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There is very little to be gained pondering whether celebrity journalism should be protected with the zeal that some of its advocates do. A person with the dirt-directed fanaticism of a Piers Morgan is not to be treasured and his court losses in defamation actions have, at times, warranted jubilation. But nor do the victors
The arguments of the 'No' are all exceedingly weak, says John Haly apart, perhaps, for one... read now...
Its here at last. The Turnbull government has had exactly as long as the Abbott government did to deliver its promised Potential Greatness.
14 September 2015 seems like a long time ago, doesnt it? There I was in London, waking up surprisingly unsurprised to learn that Tony Abbott had been rolled as Prime Minister. Who knew that Malcolm Turnbull could be such a sneaky, underhanded, white-anting, all-mouth-and-no-trousers narcissist? I asked rhetorically.
But in the wake of the defenestration, a lot of people said publicly that they didnt think Turnbull was that bad. They spoke highly of his sex appeal, his suits, his business acumen, and his ability to poll. Above all, we were told, he is really One of Us on some Key Issues. Hes just waiting to make his move.
Thus the myth of Malcolm Turnbull, Closet Libertarian, was born. And what a persistent myth it was, to the point where heretics those silly people who believe that past behaviour is the best predictor of future behaviour were branded del-cons and Abbottistas. Del-cons were little better than Pauline Hanson voters; crusty and barnacled dead weights holding back the agile and innovative Turnbull Coalition Team (or TURNCOAT for short).
We saw some shameful public discourse from people who should have known better: Miranda Devine, Janet Albrechtsen, Nikki Savva, and our own Doomlord (most of whom are now humming a little tune and looking fixedly in the other direction). No matter how many times we said that Abbott had let us down, and that we didnt want him back as Prime Minister, we were told over and over again that we did. We were also told that Malcolm was the way of the future, so put up and shut up.
Yet aside from his personality issues, Malcolm Turnbull came to the role of Prime Minister on a very obvious record of under-achievement. He was beclowned by Godwin Grech, took away our lightbulbs, never laid a hand on Stephen Conroy or Greg Combet during the NBN debacle, bedded the ABC like Don Juan, and generally signalled in capital letters that he was a leftist inner-city trendy to his (non-existent) core.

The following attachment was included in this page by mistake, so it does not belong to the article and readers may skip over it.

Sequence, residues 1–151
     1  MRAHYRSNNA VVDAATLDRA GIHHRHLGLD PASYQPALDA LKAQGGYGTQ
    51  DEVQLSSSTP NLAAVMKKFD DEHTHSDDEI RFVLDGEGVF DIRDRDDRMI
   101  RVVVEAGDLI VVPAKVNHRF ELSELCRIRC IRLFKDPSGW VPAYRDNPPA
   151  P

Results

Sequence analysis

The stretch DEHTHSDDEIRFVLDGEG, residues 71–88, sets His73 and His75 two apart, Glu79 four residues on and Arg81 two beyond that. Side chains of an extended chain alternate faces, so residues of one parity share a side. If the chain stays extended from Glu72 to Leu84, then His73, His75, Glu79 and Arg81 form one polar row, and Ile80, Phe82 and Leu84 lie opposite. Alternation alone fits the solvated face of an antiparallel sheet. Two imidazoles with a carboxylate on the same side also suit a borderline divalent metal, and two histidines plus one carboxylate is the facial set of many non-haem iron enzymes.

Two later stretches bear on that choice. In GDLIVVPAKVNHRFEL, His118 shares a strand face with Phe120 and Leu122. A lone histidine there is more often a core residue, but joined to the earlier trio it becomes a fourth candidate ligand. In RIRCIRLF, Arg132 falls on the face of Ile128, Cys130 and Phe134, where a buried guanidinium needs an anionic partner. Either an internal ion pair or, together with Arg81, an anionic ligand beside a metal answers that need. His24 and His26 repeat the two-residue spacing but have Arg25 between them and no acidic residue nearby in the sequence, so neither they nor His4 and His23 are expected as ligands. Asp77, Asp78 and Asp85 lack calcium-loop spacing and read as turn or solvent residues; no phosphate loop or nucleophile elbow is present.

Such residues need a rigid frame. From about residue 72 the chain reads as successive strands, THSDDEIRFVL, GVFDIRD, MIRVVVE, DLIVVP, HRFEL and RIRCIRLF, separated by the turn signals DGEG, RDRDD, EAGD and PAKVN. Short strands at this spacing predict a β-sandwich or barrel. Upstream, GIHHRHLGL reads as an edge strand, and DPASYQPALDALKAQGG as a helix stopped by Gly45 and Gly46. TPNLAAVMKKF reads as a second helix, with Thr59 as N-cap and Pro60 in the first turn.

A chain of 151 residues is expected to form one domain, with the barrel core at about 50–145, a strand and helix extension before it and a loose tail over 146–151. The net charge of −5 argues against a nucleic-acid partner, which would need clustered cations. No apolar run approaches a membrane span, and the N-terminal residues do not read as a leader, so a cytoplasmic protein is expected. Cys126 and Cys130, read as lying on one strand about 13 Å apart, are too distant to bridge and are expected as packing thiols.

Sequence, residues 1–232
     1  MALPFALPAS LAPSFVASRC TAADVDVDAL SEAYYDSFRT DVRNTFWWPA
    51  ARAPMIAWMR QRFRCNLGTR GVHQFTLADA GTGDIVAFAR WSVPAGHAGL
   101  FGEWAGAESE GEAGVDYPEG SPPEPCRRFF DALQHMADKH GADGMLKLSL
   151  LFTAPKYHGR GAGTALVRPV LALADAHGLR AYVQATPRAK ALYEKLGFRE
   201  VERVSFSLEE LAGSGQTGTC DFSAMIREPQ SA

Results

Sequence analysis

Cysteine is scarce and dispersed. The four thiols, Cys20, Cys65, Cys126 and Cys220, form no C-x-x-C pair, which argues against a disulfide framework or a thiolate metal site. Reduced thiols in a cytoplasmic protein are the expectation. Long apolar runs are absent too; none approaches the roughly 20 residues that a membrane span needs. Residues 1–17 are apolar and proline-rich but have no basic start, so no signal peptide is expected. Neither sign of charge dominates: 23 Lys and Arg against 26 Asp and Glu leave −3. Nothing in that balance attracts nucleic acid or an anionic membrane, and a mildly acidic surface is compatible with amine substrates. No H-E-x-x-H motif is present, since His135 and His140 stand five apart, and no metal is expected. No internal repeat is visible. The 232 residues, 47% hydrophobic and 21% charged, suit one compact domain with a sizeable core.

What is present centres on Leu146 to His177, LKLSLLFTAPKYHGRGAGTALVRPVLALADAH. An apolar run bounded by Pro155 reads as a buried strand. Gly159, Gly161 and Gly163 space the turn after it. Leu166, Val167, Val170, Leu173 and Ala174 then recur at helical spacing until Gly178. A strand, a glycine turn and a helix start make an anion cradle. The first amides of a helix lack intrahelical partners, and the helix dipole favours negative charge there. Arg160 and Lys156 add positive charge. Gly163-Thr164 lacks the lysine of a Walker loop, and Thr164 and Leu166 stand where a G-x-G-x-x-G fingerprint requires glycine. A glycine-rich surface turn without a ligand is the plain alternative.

Anyone who pointed this out was told to shush. Malcolm was different now. He was One of Us. He alone could save the Liberal Party from electoral annihilation. Turnbulls subsequent fingernail parliamentary majority was frantically apologised away by his now over-invested cheer squad, who told us that Abbotts leadership would have led to human sacrifice, dogs and cats living together, and mass hysteria.
The TURNCOAT government has certainly produ...
Friday 15 September 2017 1 One of the more bewildering aspects of Mondays IPOS Poll was the overwhelming endorsement of Scott Morrison. One would have thought that the economy was chugging along at a remarkable rate. Respected writer Alan Austin took exception to this assumption and has written an excellent piece titled Think Scott Morrison is
For decades Australia has been at the centre of international efforts to improve elections in Papua New Guinea. Australia has spent almost US$60 million since 2002. Despite this, the 2017 elections were blighted by a frightening pack of problems. Given PNGs electoral woes it is tempting to conclude aid hasnt helped. Tempting, but mistaken. Elections may not be good in PNG but good is not the right yardstick for aid success in this area. The appropriate yardstick is vis--vis a counterfactual of no international help. As I described in my first post, Papua New Guineas domestic political economy produces forces that are at odds with well-run elections. As I discuss in this paper, international engagement has served as a countervailing force against these. Because of this, it is very likely that elections in PNG would be worse still without Australian involvement.
This doesnt mean that Australian efforts cant be improved though. Here are some suggestions. Because this is a blog post they are, by necessity, broad. I hope many others will offer a lot more in coming months; for now, treat these ideas as a start.
First up, recognise the road to the next elections starts today. Improving them will be an ongoing effort. It will require engagement, pressure and assistance, every year from now to 2022. The chart below shows my estimates of Australian aid spending devoted to elections in PNG since 2002 (data and sources here). As you can see, the post-2012 effort was inconsistent and less than previous elections. This isnt the aid programs fault. In between aid cuts and the death of AusAID, it was a tumultuous time. Even so, theres still a lesson from 2017: improving elections requires substantial, sustained engagement. It requires staff devoted to the task and it requires the steady accumulation of contextual knowledge.
Estimated Australian aid for elections 2002-2017
After a week of counting, we are starting to get final ward results declared in some of the fifteen big councils Ive been covering. Im going to use this post to update as we get waves of results over the next few days.
Four of five wards have been declared in Bayside, including the only uncertain race. The Botany Bay and Rockdale wards each produced a result of one Labor, one Liberal and one independent (James Macdonald in Botany Bay and Andrew Tsounis in Rockdale). Mascot and Port Botany wards produced a result of two Labor and one Liberal. The second Labor candidate in Mascot defeated Greens candidate Greta Werner by only 119 votes. The Bexley ward has not yet been declared, but Labor, Liberal and independent Liz Barlow are all on track to win one seat each. This would produce a result of seven Labor, five Liberal and two independents.